Name Scottish Power
Headquarters Glasgow, Scotland
To say that Scottish Power is one of the biggest energy suppliers in the country, they don't perform so well in customer service reviews. Out of the 31 British energy companies that were reviewed in Which?'s 2017 customer survey, Scottish Power came joint 26th with British Gas, scoring above only Npower in the Big Six. They scored 3 out of 5 stars on each of the four categories, scoring an overall satisfaction rating of 52%
Trustpilot, the customer driven reviews site, went even further on the poor customer service provided by Scottish Power. Out of 1,646 people, 95% gave them a 1 out of 5 stars rating, the worst possible option. The largest part of the reviews are in relation to billing errors and overcharging, but every possible complaint will most likely have been covered at least once. Their overall rating was just 0.4 out of 10, which is absolutely dreadful.
Overall, it appears that Scottish Power are getting worse year on year with their customer satisfaction. Especially with the increase in competition from smaller, independent suppliers, Scottish Power are going to really need to reevaluate their customer service strategy if they wish to stay at the top of the energy food chain, regardless of their prices.
If you are a new or existing Scottish Power customer, you can login to your online account by clicking the button below. You do, however, need to have an account set up already to do this. If you have not yet signed up for a Scottish Power account, you can simply click 'Register now' on the sign in screen. Once you are logged in, you will be able to manage a whole host of things that you would have otherwise had to call up for. These include:
- See usage history
- See historic bills
- Pay bills
- Submit meter readings
- Update personal information
If you have forgotten any part of your login credentials, you can simply reset them by clicking on 'Forgotten password?' on the login screen. Use the below button to visit the online account login screen
Tariffs & Prices
Scottish Power, no different from other Big Six suppliers, have a mountain of tariffs that are updated constantly throughout the year. As such it is hard to keep up with exactly how much each kWh costs. In order to get the most accurate reading, we suggest that you give us a call. However, until then, below is a comparison of the average regional prices for one of Scottish Power's tariffs.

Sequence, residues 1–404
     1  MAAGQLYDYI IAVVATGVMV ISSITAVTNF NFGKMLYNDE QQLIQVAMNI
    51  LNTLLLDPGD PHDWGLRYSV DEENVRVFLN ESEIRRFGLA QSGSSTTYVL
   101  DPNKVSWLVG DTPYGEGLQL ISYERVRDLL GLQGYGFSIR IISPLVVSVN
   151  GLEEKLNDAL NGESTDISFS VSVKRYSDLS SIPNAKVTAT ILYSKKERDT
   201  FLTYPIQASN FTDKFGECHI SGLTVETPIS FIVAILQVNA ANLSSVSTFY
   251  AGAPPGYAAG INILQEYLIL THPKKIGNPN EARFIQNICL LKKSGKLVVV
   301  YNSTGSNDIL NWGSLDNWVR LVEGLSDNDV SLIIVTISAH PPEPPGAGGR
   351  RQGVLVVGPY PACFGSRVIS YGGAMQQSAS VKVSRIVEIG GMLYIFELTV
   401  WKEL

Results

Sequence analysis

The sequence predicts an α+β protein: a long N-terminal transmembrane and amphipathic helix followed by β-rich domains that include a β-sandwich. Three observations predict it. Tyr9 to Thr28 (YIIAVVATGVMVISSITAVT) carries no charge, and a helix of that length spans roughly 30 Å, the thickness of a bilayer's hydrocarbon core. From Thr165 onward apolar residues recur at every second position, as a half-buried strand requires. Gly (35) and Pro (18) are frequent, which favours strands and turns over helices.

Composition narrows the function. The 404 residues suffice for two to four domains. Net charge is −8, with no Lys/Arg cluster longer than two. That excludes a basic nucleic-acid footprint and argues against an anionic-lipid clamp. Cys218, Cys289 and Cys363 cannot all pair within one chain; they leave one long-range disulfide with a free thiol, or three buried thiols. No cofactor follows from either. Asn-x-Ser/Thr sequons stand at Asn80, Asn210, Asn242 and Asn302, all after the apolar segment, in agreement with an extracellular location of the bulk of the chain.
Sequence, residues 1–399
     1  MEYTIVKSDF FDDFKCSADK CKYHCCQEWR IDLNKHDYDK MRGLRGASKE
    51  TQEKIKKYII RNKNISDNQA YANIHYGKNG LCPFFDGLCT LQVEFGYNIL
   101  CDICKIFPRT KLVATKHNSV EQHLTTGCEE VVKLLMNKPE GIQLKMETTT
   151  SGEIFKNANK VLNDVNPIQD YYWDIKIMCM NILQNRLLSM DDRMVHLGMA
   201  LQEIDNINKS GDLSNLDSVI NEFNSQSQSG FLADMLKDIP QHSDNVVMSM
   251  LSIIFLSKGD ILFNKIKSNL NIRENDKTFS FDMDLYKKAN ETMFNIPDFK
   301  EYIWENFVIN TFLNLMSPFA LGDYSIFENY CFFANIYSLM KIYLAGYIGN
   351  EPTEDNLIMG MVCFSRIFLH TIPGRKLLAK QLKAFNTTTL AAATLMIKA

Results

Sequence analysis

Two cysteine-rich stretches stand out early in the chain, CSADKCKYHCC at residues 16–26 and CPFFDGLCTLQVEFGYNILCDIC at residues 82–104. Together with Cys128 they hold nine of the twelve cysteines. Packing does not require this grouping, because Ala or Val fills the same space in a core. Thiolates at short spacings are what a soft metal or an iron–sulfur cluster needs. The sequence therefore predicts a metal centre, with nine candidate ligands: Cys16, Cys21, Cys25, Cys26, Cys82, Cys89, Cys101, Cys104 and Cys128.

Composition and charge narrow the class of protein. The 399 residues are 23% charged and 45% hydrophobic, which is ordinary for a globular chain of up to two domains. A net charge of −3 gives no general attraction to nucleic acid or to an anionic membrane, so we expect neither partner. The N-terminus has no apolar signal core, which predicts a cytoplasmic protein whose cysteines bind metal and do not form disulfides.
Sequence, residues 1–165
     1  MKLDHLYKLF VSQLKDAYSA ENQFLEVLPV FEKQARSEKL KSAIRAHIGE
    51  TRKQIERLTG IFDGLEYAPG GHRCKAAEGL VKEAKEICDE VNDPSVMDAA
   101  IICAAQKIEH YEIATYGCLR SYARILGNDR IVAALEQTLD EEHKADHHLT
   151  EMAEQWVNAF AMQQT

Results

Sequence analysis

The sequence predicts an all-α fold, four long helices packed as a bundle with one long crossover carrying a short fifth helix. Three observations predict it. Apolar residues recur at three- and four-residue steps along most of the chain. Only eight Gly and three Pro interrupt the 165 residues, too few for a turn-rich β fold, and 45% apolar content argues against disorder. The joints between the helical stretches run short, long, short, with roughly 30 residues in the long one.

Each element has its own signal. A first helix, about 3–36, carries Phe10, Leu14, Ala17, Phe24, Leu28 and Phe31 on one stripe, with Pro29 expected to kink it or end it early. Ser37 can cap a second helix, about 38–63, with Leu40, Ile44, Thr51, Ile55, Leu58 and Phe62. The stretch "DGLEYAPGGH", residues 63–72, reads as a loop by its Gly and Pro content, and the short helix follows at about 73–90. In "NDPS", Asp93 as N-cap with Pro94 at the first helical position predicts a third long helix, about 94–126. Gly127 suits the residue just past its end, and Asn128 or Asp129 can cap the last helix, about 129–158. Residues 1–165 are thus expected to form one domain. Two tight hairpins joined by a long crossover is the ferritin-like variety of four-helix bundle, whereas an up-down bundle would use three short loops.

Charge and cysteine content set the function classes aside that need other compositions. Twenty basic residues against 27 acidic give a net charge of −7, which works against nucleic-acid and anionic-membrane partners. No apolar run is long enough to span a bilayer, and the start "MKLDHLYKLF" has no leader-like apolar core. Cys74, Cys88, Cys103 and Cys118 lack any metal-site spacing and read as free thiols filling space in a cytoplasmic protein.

- Below you can see the tariff label information (TLI) for Scottish Power's 'Standard' variable tariff:
|Region||Elec price per kWh||Elec yearly price||Elec TCR||Gas price per kWh||Gas yearly price||Gas TCR||Dual Fuel Yearly|
|North East EN||13.768p||£516.29||16.65p||3.600p||£539.55||4.32p||£1,055.84|
|North West EN||14.147p||£528.04||17.03p||3.610p||£540.73||4.33p||£1,068.77|
|Merseyside & N Wales||14.762p||£547.11||17.65p||3.719p||£554.38||4.44p||£1,101.49|
|South East EN||14.100p||£526.60||16.99p||3.697p||£551.62||4.41p||£1,078.22|
|South West EN||14.957p||£553.16||17.84p||3.570p||£535.74||4.29p||£1,088.90|
At time of writing (Jan 18), Scottish Power's cheapest tariff would cost the average person in the Yorkshire region around £916.76 per year, which is still £94.63 more expensive than the cheapest on the market right now, Outfox The Market's 'Whack! January Tariff'. That said, Scottish Power prices are still extremely cheaper than the majority of big suppliers operating in Great Britain, so you wouldn't be losing out too much being on one of their deals.
At present, Scottish Power do not offer any 100% renewable energy tariffs, but as you can see from their fuel mix presented below, their renewable percentage is above the national average. This is a common trend among the bigger companies, as they are responsible for the entirity of their energy generation. Currently it makes sense to make a gradual transition towards renewables instead of offering 100% in a tariff.
Given the countries push towards renewable energies, all British energy suppliers are now required to provide public information about their energy sources each year. This makes for a clearer idea of a company's efforts in cleaning up their energy mix. From the below information we can see that Scottish Power have narrowly scraped passed the national average for renewable energy with 28% (the national average is 24%).